Clear racial divides and stereotypes are evident in today’s society, and The Roper, directed by Ewan McNicol, explores this contentious issue. However, through carefully choosing interesting and intriguing subjects, the person becomes the focus rather than the issue at hand, a constant theme in Lucid’s catalogue, particularly their series Meet Me Here, within which The Roper finds itself.

Meet Me Here aims “to develop and publish short stories that take place somewhat off the beaten path. It’s both a home for, and a reason to make great small films about people and places. Though the topics are distinct, the stories are also good examples for clients of our brand-led work, as we push them (gently) toward more meaningful, truthful, story-led ideas. We’re aiming to make a large audience for Meet Me Here; people who visit regularly to see an entertaining and intriguing short story about something real and true,” Lucid told Portable.

For the latest installment, The Roper, they stated, ‘”We met Kendrick, the Roper, as we were working on another project in Louisiana. We were intrigued by him personally, his quiet and reserved manner, and his obvious drive to be a great calf roper. He struck us as blend of a modern day and a classic cow boy. We were completely charmed. So we chose the man, versus choosing the topic.”

Documentary film is always so personal, something which the creatives feel is missing from consumerism today. They said, “Someone recently commented to us that they ‘miss real people’. We do too. We wholeheartedly ascribe to the adage, ‘The best stories are the truth, well told’.”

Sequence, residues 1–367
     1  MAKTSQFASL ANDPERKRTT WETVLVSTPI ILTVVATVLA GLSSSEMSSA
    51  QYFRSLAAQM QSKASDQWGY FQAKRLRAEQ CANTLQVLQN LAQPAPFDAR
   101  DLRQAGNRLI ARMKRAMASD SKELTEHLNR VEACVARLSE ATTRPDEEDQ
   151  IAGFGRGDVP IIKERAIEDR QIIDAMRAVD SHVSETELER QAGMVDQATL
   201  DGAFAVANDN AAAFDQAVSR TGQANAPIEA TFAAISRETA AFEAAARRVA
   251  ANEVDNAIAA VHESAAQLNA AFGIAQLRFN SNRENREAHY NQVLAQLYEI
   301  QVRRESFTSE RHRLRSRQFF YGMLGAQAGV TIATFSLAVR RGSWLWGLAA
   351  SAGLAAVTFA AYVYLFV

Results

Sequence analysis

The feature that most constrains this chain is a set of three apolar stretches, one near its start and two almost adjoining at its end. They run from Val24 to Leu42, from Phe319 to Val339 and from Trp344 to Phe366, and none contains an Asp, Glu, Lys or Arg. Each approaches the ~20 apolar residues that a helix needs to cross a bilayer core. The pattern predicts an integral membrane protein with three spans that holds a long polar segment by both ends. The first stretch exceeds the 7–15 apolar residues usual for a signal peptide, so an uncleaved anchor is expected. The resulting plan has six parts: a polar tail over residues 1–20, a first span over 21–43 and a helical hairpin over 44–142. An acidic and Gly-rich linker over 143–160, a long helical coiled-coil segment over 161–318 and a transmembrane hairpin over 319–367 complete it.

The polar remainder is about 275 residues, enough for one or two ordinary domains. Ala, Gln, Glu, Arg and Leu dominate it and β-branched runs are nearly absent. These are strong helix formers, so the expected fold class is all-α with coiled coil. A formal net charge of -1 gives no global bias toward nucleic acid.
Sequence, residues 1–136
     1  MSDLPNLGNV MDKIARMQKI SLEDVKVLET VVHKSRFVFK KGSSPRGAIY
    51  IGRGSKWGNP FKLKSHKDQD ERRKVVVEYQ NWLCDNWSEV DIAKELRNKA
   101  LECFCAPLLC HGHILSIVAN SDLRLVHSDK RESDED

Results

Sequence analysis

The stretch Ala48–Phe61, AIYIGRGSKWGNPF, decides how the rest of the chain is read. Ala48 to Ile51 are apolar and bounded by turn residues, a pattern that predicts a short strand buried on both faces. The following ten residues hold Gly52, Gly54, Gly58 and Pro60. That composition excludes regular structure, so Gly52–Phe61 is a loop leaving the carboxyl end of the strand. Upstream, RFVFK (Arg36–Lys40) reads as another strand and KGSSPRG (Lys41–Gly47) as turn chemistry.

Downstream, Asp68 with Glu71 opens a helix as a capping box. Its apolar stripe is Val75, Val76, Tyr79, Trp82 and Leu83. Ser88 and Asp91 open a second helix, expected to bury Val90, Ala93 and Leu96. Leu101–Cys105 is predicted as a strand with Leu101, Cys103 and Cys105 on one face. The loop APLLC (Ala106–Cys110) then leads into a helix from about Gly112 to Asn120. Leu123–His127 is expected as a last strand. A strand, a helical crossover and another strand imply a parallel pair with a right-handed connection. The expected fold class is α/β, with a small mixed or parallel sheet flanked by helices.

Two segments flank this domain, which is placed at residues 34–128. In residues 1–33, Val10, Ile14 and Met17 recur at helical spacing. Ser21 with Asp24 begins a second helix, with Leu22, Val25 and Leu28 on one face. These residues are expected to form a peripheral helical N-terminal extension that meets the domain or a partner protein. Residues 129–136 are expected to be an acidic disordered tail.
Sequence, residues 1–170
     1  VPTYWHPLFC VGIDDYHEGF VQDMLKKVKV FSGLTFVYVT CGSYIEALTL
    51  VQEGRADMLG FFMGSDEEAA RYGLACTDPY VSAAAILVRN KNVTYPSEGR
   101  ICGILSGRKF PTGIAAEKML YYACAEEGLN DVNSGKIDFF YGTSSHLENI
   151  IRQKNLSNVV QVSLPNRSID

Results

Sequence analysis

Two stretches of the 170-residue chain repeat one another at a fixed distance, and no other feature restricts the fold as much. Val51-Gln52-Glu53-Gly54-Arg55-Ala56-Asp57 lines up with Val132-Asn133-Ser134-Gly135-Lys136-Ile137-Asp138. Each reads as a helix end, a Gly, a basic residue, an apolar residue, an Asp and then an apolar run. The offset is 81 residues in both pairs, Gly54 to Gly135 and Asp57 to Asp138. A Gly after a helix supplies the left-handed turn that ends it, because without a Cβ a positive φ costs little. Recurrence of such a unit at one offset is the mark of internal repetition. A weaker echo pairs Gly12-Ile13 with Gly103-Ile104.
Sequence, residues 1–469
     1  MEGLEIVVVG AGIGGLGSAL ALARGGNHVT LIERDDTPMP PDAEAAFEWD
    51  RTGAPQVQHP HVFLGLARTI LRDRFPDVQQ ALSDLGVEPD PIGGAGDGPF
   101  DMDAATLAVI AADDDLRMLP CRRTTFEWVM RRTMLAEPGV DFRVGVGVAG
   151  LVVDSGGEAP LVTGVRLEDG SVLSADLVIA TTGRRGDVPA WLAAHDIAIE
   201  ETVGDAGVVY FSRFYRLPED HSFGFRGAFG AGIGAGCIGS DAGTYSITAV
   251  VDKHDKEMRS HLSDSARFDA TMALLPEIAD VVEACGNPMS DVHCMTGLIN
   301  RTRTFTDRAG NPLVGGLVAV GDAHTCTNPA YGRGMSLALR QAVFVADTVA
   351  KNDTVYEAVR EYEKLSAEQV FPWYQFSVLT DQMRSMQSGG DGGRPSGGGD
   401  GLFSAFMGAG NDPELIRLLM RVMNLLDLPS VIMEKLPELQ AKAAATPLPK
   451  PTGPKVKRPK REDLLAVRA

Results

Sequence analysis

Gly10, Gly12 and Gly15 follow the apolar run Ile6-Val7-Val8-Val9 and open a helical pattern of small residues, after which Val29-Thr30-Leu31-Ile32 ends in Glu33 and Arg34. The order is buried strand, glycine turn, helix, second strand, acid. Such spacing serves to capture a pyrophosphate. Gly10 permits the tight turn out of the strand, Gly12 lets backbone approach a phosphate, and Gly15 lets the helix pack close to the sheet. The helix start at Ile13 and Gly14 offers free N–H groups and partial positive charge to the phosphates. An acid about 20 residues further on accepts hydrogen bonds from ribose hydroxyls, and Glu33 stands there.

Characters create an important realm for Lucid’s creative pursuits, however there is usually a social, political or cultural message to be told. They noted, “We tend to be more drawn to individuals than to a particular subject matter as our starting point. We made a documentary about the man who runs the National UFO Reporting Center. The film is ultimately about the man, not about whether or not UFOs exist (but we now know they do). And our interests are so varied — lighthearted and serious, lasting and ephemeral — it makes sense to us that the people, the characters, are the initial draw to a story, versus pinpointing a topic to pursue.”

In The Roper in particular, race relations are handled in a straightforward manner. Something which is generally not given that same candid outlook in mainstream production. The team explained, “Kendrick’s comments in the film about racism are essentially a shoulder shrug, because that’s how he sees it. Racism is present, it registers, but he is not going to let it stop him. His response is extremely gracious and powerfully dismissive. We wanted to be sure the film reflected his attitude directly and didn’t make it more a part of his story than he feels it to be.”

Overall, Meet Me Here and The Roper make for an interesting and honest take on social issues penetrating today’s society. By making people, rather than an issue, the sole focus, a personal and relatable element is added thus making it more digestible for the extended community.